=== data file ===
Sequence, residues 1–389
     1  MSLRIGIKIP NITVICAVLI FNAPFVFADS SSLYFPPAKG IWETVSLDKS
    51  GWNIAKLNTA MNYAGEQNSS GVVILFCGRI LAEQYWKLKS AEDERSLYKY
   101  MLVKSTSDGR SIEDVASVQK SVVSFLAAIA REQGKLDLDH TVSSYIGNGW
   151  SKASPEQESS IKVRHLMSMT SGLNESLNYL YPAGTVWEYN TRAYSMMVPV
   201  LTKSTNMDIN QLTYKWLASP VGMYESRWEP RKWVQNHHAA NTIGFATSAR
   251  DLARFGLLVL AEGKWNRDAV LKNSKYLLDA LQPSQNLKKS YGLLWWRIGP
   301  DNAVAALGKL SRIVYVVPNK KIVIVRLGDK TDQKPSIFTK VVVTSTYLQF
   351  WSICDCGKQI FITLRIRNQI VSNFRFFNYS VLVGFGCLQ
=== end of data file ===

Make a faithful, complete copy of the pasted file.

Sequence, residues 1–389
     1  MSLRIGIKIP NITVICAVLI FNAPFVFADS SSLYFPPAKG IWETVSLDKS
    51  GWNIAKLNTA MNYAGEQNSS GVVILFCGRI LAEQYWKLKS AEDERSLYKY
   101  MLVKSTSDGR SIEDVASVQK SVVSFLAAIA REQGKLDLDH TVSSYIGNGW
   151  SKASPEQESS IKVRHLMSMT SGLNESLNYL YPAGTVWEYN TRAYSMMVPV
   201  LTKSTNMDIN QLTYKWLASP VGMYESRWEP RKWVQNHHAA NTIGFATSAR
   251  DLARFGLLVL AEGKWNRDAV LKNSKYLLDA LQPSQNLKKS YGLLWWRIGP
   301  DNAVAALGKL SRIVYVVPNK KIVIVRLGDK TDQKPSIFTK VVVTSTYLQF
   351  WSICDCGKQI FITLRIRNQI VSNFRFFNYS VLVGFGCLQ